Ultimately, every team is judged by one number in the win column. Anyone can look at that number and take an educated guess at whether it was a good season, a failure or somewhere in between.
The National League Central is competitive and will remain so all year. We can tell that by looking at the win totals, which ranged from 22 to 29 heading into Thursday's slate of games. But what about the numbers behind that number?
Why are the Cubs standing atop the division? How are the Reds holding their own despite some unexpected offensive slumps? What’s put the other three clubs in between Chicago and Cincinnati?
Here’s a look at one key number that helps explain why each NL Central team is where it is.
As in, Milwaukee’s Major League-leading ERA in 17 games from May 3 until a rare Zach Davies dud on Wednesday afternoon against the Reds.
It’s an arbitrary segment of the schedule, sure, but the pitching in that stretch offers the best explanation for how the Brewers managed to keep their heads well above water through the most difficult portion of their schedule.
Entering May 3, the Brewers were one game above .500, coming off consecutive losses to the Rockies in which they allowed 11 runs in each game, and had the worst starters’ ERA -- 5.49 -- in the NL. The sudden starting-pitching surge prevented further slippage.
That number holds multiple meanings for the Cardinals, who entered Thursday in fourth place.
Their lineup hasn’t produced as consistently as expected in part because they haven’t received star-level performances from Paul Goldschmidt and Matt Carpenter. Those two recorded only seven extra-base hits -- combined -- in the first 18 games of May. Perhaps this usage of the number is no coincidence, then: Entering Thursday’s action, the Cards had scored one run or less seven times this month.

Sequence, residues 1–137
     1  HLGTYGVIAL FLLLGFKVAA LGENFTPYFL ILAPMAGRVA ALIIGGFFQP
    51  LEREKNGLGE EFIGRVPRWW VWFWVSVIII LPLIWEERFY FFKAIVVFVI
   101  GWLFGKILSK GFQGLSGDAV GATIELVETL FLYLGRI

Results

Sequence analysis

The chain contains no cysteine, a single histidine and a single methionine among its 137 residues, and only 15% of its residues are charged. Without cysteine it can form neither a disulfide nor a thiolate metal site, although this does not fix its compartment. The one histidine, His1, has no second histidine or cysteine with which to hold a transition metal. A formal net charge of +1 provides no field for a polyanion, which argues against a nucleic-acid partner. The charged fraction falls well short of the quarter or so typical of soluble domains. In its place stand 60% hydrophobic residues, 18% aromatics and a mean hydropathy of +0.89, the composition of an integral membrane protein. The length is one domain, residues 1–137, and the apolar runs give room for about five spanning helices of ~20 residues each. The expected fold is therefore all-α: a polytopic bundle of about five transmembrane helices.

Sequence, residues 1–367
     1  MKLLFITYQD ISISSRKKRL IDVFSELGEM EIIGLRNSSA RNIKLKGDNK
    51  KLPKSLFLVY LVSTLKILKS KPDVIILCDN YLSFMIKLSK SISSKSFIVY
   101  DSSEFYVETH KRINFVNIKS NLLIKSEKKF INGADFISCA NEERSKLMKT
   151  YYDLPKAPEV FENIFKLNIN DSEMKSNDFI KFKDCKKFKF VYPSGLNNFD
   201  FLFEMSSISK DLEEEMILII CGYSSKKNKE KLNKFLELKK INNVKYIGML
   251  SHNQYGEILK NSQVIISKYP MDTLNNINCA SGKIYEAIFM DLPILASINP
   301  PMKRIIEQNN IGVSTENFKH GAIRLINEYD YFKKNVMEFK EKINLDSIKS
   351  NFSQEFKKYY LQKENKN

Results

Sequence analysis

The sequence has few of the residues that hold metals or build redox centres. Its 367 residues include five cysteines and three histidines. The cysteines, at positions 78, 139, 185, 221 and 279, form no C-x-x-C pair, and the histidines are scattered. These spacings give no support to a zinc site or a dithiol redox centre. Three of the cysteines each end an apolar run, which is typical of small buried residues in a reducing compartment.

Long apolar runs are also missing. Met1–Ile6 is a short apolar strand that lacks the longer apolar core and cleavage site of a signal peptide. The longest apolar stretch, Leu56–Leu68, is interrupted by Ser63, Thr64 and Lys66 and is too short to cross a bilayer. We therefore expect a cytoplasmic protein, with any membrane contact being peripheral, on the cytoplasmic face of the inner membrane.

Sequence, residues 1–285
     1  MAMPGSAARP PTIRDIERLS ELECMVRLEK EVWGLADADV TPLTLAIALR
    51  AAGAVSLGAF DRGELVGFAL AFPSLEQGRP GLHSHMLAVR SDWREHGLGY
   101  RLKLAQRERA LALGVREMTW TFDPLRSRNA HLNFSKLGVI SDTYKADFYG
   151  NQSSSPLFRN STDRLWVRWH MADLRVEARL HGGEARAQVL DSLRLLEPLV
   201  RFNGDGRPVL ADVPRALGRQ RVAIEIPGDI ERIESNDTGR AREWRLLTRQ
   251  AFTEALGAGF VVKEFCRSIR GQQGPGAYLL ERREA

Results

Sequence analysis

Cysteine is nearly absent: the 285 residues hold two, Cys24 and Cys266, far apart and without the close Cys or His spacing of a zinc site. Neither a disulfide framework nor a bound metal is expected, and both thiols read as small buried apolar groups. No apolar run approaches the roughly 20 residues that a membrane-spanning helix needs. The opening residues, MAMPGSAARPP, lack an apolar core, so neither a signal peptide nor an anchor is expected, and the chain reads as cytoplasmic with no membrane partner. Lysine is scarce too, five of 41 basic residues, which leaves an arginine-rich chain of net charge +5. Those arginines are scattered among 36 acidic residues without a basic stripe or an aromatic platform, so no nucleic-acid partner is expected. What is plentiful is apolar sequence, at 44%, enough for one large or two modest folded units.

Consider this, too: In their first 48 games, there were only five instances of a Cardinals starting pitcher completing seven innings. The lack of length from the rotation has put a strain on their bullpen.
Looking for a more positive meaning? Add 10. The Cardinals used their primary lineup 17 times heading into Wednesday’s doubleheader, which speaks to the continuity (and good health) they’ve enjoyed. The last time they used one lineup that many times in a season was 2013.
Cubs: 8.4 degrees
That’s the average launch angle created by the Cubs’ pitching staff, a key part of their early success.
One of the concerns for the Cubs going into 2019 was the lack of whiffs generated by the pitching staff. Entering Wednesday, Chicago's average fastball (all types) velocity of 90.8 mph ranked 29th in baseball, so pitching to scouting reports, emphasizing pitcher strengths and employing a strong defense is critical.
So far, the team has excelled on the pitching front (the Cubs' 3.58 team ERA ranked fifth in MLB and their 3.34 rotation ERA ranked third entering Wednesday) and has been doing so by generating weak contact. Per Statcast, Chicago's 5.5 percent weak-contact rate was the second-best mark in MLB. So, while Chicago's arms do not blow lineups away, they have been very effective at avoiding barrels and inducing grounders. That has been a critical factor behind the Cubs climbing to first place in the division.
After Wednesday's loss to the Rockies, the Pirates had scored 172 runs and allowed 222 runs this season. Their minus-50 run differential led to a Pythagorean record of 18-28, while their actual record was 24-22.
That represents the nature of Pittsburgh’s season -- win close, lose big -- and while it may be cause for concern, it also speaks to the perseverance they’ve displayed. It’s just one of many things they’ve had to overcome to stay afloat.
It’s surprising enough that the Pirates are above .500 considering they have sent 20 players to the injured list this season -- not just role players, either. The Bucs are currently without top starters Jameson Taillon and Trevor Williams, setup man Keone Kela, left fielder Corey Dickerson, third baseman Jung Ho Kang, shortstop Erik Gonzalez, outfielder Lonnie Chisenhall and reliever Nick Burdi. And that’s without even mentioning right-handers Chad Kuhl and Edgar Santana, who will miss the entire season while recovering from Tommy John surgery.
That’s the number of home runs allowed by the Reds’ pitching staff, the fewest in the NL and a figure that would have seemed unfathomable in recent years. Cincinnati’s pitchers led the league in homers surrendered in each of the past three seasons.
It’s also remarkable because the team plays its home games at homer-friendly Great American Ball Park. Much of the credit could belong to new pitching coach Derek Johnson, who is known for his good communication skills. But the work is being done by pitchers like Luis Castillo, Tanner Roark, Sonny Gray and Tyler Mahle, who have allowed 18 homers -- combined. The Reds may be in last place in the division, but don’t blame their pitching staff. Entering Thursday, the Reds owned the NL’s second-best ERA at 3.50.